Brother Charles said...

First of all, don't be discouraged. Your brother is clearly somewhat hostile to faith, which makes everything harder.

The first paragraph is part red herring, part not. That there should be confusing "interpretations" of God among different Churches and ecclesial communities is indeed confusing, for theist and atheist alike. It's a red herring, though, because there is such a thing as a reliable, apostolic tradition that we have from the witnesses to the resurrection. The question of the credibility of original sin and salvation is important, though. His analysis is a caricature of the doctrine. This is good to notice, because a lot of honest, religious people don't have much more than caricatures of doctrines.

The 'mechanistic god' paragraph is dismissed because it is such a thin and shallow concept of God so as to be unrecognizable as deity; in other words one does not need God to "divinize" these natural laws, so it's not an argument over the existence of God in the first place.

The last part is also a red herring. Of course there is such a thing as a natural morality, and thank God. Religion is not first of all about morality, however; this is one of the modern impoverishments of theism with which we struggle. We are first of all about the origin and purpose of being, and from a sense of this end or purpose derives the desire for genuine happiness. Only then do we talk about morality as the way we can encourage ourselves and free each other for this joy.

In the end, though, I wouldn't argue, especially by email. It's a bad forum for theological debate, at least in my experience. Be gentle, and do your best by good example. I find it to be the best way to arouse curiosity, which is the opposite of the dismissiveness I perceive in the email.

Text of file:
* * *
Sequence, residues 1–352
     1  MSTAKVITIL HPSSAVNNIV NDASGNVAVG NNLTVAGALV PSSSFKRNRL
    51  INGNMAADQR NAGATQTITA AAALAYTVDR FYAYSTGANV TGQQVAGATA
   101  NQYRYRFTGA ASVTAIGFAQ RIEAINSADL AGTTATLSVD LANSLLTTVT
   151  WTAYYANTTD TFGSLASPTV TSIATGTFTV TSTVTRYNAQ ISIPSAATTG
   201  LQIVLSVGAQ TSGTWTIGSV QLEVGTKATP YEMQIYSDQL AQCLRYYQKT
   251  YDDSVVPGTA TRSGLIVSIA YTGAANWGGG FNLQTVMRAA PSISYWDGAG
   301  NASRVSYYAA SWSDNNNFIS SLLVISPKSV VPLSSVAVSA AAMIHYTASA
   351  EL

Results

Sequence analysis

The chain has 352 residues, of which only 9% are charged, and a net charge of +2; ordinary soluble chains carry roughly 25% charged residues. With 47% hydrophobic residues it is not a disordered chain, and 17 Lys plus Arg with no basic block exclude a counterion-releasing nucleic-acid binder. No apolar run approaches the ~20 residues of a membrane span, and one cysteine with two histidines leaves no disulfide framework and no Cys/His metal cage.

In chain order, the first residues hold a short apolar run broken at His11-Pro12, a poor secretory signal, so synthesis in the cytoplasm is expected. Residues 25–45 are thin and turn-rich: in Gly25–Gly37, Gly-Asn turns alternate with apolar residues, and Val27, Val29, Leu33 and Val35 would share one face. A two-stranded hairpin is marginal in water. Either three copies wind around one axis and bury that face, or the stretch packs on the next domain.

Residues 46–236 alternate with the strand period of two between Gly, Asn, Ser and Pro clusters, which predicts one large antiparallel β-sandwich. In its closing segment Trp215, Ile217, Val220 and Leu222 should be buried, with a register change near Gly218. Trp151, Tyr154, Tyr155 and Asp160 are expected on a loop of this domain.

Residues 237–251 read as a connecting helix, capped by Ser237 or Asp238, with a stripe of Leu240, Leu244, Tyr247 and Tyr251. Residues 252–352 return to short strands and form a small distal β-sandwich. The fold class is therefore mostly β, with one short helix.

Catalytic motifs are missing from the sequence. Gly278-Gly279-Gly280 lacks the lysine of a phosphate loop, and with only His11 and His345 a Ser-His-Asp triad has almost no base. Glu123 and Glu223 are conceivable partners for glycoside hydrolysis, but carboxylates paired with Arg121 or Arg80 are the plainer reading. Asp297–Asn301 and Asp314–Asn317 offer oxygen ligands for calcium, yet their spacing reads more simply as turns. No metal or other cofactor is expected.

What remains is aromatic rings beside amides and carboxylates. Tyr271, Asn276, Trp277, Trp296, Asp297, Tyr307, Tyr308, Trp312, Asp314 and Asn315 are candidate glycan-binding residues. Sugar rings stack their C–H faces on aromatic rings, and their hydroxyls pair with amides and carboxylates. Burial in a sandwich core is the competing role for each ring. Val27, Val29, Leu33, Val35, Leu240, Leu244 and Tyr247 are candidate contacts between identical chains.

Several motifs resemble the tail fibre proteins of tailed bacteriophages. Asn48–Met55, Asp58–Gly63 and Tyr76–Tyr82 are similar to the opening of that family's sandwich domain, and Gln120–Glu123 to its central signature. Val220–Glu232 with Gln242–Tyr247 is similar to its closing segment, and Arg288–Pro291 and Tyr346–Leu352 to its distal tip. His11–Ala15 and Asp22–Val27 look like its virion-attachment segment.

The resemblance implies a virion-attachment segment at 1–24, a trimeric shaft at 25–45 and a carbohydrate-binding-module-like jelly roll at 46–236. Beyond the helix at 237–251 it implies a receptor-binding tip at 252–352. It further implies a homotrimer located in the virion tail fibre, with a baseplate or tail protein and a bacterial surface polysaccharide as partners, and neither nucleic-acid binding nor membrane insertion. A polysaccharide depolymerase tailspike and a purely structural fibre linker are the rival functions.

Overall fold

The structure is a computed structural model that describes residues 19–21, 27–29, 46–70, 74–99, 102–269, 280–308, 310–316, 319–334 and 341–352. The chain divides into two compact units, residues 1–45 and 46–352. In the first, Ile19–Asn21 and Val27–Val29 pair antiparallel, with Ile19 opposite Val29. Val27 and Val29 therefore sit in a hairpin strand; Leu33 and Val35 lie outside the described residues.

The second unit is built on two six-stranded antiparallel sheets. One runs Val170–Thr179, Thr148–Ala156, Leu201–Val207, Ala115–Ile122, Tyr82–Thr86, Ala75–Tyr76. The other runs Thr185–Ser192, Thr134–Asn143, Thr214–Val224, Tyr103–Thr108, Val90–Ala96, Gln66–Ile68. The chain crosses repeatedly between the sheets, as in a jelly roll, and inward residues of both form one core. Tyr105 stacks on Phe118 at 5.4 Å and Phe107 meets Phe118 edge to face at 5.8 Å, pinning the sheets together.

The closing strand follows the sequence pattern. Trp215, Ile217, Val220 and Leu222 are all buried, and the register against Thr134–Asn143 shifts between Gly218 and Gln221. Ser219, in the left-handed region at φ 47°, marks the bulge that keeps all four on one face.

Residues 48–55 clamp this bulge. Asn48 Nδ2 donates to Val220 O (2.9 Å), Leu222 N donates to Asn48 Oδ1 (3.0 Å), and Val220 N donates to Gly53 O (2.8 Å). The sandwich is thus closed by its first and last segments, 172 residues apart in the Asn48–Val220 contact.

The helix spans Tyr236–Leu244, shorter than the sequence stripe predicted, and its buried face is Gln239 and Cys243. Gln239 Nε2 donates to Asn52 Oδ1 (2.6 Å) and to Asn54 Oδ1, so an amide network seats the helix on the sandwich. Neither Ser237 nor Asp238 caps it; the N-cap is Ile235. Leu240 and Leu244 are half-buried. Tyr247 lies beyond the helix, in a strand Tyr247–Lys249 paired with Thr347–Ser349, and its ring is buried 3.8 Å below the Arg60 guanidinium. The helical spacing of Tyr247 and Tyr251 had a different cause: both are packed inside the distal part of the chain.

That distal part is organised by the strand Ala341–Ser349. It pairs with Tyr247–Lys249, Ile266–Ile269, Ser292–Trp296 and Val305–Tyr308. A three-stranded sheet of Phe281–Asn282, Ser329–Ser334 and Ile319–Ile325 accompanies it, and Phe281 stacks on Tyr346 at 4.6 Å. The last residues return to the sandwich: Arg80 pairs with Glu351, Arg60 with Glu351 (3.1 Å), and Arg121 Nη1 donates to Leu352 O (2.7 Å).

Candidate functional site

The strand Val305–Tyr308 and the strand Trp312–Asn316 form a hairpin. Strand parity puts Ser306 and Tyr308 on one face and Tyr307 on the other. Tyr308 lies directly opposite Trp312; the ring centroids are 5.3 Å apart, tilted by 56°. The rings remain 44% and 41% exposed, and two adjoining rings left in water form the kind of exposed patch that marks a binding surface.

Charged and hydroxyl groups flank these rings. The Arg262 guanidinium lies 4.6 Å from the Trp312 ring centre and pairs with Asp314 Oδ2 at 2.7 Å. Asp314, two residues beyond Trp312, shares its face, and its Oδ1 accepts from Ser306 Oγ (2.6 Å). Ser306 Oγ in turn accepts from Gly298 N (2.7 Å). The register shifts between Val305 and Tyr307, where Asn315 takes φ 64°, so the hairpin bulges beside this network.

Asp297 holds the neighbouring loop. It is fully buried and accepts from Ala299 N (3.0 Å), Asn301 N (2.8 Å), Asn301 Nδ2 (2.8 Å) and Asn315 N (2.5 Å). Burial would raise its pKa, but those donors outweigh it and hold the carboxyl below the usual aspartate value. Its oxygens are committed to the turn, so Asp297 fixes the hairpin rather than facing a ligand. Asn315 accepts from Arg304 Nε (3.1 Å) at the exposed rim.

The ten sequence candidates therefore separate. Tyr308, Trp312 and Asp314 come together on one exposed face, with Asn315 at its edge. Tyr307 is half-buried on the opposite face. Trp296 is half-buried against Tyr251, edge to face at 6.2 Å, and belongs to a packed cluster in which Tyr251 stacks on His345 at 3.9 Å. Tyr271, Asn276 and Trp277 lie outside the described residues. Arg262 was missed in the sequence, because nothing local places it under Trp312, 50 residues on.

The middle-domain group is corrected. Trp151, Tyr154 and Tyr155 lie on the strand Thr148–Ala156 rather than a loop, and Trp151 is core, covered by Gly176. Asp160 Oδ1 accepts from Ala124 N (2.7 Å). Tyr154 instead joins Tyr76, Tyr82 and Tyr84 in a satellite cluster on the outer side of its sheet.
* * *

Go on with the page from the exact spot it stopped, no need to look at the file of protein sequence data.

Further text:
Sorry for the length of the response! :)

Qualis Rex said...

Great post, Father Charles. Just on a purely annecdotal and non-scientific note, I have often found that atheists have the same issues with "God" as they do with their parents, stemming from early childhood. Substitute "God" for "Mom" or "Dad" and that's where their argument really lies. "How could a loving "God" (Mom/Dad) allow this to happen?"

Unfortunately a lifetime carrying this time of resentment, which can be easily transferred to a deity is hard to break or reason with. I have a very close friend who to this day associates "Jesus" with her Mother, who she is not on speaking terms with, since her Mother used Jesus to justify all of her bad behavior (i.e. "the Lord Jesus does not want you to go out in that skirt!") No matter how I try to reason with her and tell her that the Jesus in the bible is not the same person as the one used by her Mother, she just shrugs it off. The damage is done.

ben in denver said...

Well, my mind was changed by the ontological argument of St. Anselm.

I've looked at it again and agan, and its logic is irrefutable. I've read critique after critique of the argument and I've found them wanting. Most critiques accuse him of equivocating, but he doesn't do this. Even the critique of Kant against the ontological argument, which may well work against Descartes formulation of a similiar argument, does no damage to St. Anselm's argument.

Later, I came to believe that the 4th way of Aquinas was perhaps the most eloquent and ultimately most compelling rational argument for God's existence, but it was St. Anselm who converted me.

Greg said...

One challenge in discussing these issues with atheists is their lack of understanding of physics, not their lack of understanding of faith.

For a period I participated in a listserv comprised of professional mathematicians and physicists.

The host admitted me because I was of good nature and he figured he could slowly tear off my wings to the great delight of the group and himself.

We became friends. Went to lunch, enjoyed each others company.

But then I demolished his math physics argument for atheism.

When other members agreed I had presented a sound counter argument based on math and physics, and he must return to the drawing board, our friendship ended.

Thus, I have learned one must move beyond that dialogue to matter of the heart, as Francis did.